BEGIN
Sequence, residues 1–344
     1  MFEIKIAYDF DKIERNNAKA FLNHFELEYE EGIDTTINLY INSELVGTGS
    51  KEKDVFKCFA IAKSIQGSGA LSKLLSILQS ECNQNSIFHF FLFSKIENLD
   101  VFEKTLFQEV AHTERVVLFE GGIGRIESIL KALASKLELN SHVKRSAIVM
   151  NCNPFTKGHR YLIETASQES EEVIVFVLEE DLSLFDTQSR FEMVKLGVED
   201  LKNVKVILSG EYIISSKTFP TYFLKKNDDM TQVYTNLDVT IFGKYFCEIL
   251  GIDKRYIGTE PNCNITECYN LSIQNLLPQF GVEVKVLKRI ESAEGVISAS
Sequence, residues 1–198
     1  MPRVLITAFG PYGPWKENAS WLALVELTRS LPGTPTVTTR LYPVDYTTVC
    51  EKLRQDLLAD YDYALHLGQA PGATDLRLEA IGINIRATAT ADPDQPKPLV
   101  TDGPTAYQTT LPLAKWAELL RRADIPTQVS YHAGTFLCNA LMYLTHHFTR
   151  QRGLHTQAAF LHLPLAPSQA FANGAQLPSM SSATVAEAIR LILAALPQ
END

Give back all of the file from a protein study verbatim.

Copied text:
Sequence, residues 1–344
     1  MFEIKIAYDF DKIERNNAKA FLNHFELEYE EGIDTTINLY INSELVGTGS
    51  KEKDVFKCFA IAKSIQGSGA LSKLLSILQS ECNQNSIFHF FLFSKIENLD
   101  VFEKTLFQEV AHTERVVLFE GGIGRIESIL KALASKLELN SHVKRSAIVM
   151  NCNPFTKGHR YLIETASQES EEVIVFVLEE DLSLFDTQSR FEMVKLGVED
   201  LKNVKVILSG EYIISSKTFP TYFLKKNDDM TQVYTNLDVT IFGKYFCEIL
   251  GIDKRYIGTE PNCNITECYN LSIQNLLPQF GVEVKVLKRI ESAEGVISAS
Sequence, residues 1–198
     1  MPRVLITAFG PYGPWKENAS WLALVELTRS LPGTPTVTTR LYPVDYTTVC
    51  EKLRQDLLAD YDYALHLGQA PGATDLRLEA IGINIRATAT ADPDQPKPLV
   101  TDGPTAYQTT LPLAKWAELL RRADIPTQVS YHAGTFLCNA LMYLTHHFTR
   151  QRGLHTQAAF LHLPLAPSQA FANGAQLPSM SSATVAEAIR LILAALPQ